S PECIAL R EPORT. The Need for More Supermarkets in Philadelphia. food for every child

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1 S PECIAL R EPORT The Need for More Supermarkets in Philadelphia food for every child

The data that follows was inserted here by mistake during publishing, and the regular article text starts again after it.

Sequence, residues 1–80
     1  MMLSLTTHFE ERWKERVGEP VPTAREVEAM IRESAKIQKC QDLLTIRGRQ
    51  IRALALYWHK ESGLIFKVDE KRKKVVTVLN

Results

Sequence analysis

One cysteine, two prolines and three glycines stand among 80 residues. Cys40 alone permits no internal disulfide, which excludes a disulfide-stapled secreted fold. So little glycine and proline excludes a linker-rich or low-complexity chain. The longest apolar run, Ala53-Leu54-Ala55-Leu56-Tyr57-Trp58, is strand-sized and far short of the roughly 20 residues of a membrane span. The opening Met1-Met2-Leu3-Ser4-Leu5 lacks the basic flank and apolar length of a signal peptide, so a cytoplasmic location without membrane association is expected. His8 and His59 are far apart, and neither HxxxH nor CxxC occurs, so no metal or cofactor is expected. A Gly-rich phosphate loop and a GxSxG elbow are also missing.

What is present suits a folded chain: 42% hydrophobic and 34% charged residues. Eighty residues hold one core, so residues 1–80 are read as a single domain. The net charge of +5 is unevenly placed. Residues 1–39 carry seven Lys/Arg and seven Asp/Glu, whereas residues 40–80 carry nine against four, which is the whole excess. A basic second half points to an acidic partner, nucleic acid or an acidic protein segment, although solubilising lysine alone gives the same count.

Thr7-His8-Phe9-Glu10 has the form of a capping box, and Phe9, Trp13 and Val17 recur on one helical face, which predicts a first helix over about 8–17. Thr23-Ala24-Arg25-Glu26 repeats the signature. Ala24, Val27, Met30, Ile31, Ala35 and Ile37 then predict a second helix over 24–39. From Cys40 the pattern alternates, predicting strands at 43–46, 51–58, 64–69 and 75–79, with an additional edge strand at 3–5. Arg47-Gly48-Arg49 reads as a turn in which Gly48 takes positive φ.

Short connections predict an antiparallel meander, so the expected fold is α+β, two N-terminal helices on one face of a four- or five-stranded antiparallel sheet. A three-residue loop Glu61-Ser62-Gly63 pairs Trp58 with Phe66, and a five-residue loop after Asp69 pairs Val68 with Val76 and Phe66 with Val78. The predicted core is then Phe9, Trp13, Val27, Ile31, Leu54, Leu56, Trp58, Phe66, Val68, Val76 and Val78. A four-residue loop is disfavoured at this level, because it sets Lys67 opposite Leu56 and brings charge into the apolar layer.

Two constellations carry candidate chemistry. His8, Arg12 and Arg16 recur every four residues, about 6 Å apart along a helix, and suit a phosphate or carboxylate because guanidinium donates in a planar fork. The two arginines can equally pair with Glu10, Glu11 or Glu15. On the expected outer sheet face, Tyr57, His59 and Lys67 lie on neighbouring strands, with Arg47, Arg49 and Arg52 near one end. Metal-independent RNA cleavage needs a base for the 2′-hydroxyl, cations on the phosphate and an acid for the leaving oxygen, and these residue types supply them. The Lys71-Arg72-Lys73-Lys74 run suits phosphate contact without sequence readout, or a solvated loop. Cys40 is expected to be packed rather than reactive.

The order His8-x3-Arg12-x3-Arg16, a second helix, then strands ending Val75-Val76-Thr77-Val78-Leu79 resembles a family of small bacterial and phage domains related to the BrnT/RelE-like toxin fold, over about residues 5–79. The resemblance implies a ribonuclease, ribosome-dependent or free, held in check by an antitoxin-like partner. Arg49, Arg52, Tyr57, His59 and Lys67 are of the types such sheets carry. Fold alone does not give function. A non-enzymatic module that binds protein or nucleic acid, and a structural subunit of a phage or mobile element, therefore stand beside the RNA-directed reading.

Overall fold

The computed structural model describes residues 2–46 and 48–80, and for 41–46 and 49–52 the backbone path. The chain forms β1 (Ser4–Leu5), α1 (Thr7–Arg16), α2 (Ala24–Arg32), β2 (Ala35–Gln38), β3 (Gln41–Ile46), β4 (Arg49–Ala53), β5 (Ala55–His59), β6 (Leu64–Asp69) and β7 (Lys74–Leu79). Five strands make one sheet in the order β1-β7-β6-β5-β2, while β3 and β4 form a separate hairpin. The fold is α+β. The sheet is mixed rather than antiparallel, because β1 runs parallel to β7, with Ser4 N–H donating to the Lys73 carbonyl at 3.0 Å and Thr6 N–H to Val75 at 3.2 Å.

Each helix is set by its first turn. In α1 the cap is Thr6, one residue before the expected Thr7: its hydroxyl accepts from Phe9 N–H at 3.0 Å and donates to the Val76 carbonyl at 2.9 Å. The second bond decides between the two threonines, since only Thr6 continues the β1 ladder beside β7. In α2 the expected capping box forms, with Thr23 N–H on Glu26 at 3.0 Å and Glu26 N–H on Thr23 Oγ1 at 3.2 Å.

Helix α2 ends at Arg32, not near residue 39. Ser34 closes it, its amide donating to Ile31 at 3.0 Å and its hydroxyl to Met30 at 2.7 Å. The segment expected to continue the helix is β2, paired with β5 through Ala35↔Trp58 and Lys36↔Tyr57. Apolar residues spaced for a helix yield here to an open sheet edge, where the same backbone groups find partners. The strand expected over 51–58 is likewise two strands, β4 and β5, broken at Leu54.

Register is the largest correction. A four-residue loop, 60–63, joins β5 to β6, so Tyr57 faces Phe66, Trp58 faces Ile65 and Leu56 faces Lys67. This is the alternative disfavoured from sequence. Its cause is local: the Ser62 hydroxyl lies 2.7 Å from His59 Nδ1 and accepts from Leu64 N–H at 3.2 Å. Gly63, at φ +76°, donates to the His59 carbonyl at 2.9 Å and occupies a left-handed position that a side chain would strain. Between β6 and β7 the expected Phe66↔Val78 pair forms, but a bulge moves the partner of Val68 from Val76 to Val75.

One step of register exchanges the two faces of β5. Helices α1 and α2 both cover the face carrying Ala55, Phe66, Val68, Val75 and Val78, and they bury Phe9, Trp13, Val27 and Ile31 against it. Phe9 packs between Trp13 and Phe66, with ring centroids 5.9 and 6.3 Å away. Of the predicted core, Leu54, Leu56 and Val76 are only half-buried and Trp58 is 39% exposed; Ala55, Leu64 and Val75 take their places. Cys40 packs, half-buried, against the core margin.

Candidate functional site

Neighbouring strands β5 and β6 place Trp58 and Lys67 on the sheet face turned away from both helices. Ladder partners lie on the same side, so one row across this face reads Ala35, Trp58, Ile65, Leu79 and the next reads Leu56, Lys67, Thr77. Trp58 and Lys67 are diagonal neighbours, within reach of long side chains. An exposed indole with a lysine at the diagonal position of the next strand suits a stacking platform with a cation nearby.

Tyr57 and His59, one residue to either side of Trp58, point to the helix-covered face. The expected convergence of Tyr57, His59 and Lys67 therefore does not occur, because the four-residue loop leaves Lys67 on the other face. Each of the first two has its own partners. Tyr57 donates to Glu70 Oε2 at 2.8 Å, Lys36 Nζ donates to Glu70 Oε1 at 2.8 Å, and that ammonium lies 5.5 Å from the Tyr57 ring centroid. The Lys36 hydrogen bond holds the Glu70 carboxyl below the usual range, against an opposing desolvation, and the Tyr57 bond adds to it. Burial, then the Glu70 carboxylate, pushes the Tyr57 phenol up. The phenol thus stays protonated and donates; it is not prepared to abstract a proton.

2 FOOD FOR EVERY CHILD The Need for More Supermarkets in Philadelphia EXECUTIVE SUMMARY The City of Philadelphia must address the significant and growing need for supermarkets and food resources in its neighborhoods. Food retailers and public sector development agencies have, in essence, redlined lower-income communities, failing to aggressively combat the factors that have led supermarkets to disinvest from these neighborhoods. The Food Trust researched and wrote Food for Every Child, to ensure that all children live in communities that have access to safe, healthy and affordable food. A key goal of this project is to stimulate the development of supermarkets in lower-income neighborhoods. Philadelphia is not exceptional in terms of the characteristics or poverty status of its residents when compared to other large urban areas, yet it has the second lowest number of supermarkets per capita of major cities in the nation. In fact, the Greater Philadelphia region has 70 too few supermarkets in low-income neighborhoods. There are large areas of Philadelphia with few supermarkets, and many neighborhoods where none exist. This uneven distribution of food in Philadelphia disproportionately affects large numbers of low-income people. A nationwide study of twenty metropolitan areas calculated the number of supermarkets per 10,000 residents in every neighborhood. The study found that the number of supermarkets in the lowest-income neighborhoods was almost 30 percent less than the number in the highest-income neighborhoods. In the Philadelphia region the situation was five times worse; the number of supermarkets in the lowest-income neighborhoods was 156 percent less than in the highest-income neighborhoods. For lower-income neighborhoods, the lack of a supermarket negatively impacts people s ability to obtain a nutritionally adequate diet. At the same time, the incidence of diet-related diseases is disproportionately high in lower-income neighborhoods. Increasing the availability of nutritious and affordable food in neighborhoods with high rates of dietrelated diseases does not guarantee a reduction in the incidence of these diseases. However, by removing this as a barrier to healthy eating, we can better focus on helping people improve their diets and health. The public sector has a responsibility to provide a safe and stable food supply in underserved communities. With the advent of the supermarket, the public sector largely withdrew from food retailing. Supermarkets later withdrew from many communities, leaving many neighborhoods and large numbers of people without a stable food supply. At the same time the incidence of diet-related diseases increased in these neighborhoods. Through mapping, this study shows that poor supermarket access is linked to a high incidence of diet-related deaths in many low-income neighborhoods in Philadelphia. The location of supermarkets access to supermarkets is a key factor contributing to the health and development of neighborhoods. ACKNOWLEDGMENTS This report was prepared by Duane Perry, with assistance from Sandy Sherman and Meredith Stone of The Food Trust, and Amy Hillier and Georgia Pozoukidou, GIS consultants. The Samuel S. Fels Fund, the Philadelphia Department of Health and individual contributors provided support for this project to The Food Trust. We call upon the City and State governments to take the lead in developing a public-private response to this problem. While not a situation of any one sector s making, it is in the interest of the entire community to solve this problem. Solutions that have proven helpful elsewhere in the country include: City and state economic development agencies convening key leaders in the supermarket industry to develop a strategy to create more supermarkets in lower and moderate-income communities. Strategic investments with public funds to reduce the risks associated with the development of more supermarkets in lower and moderate-income communities.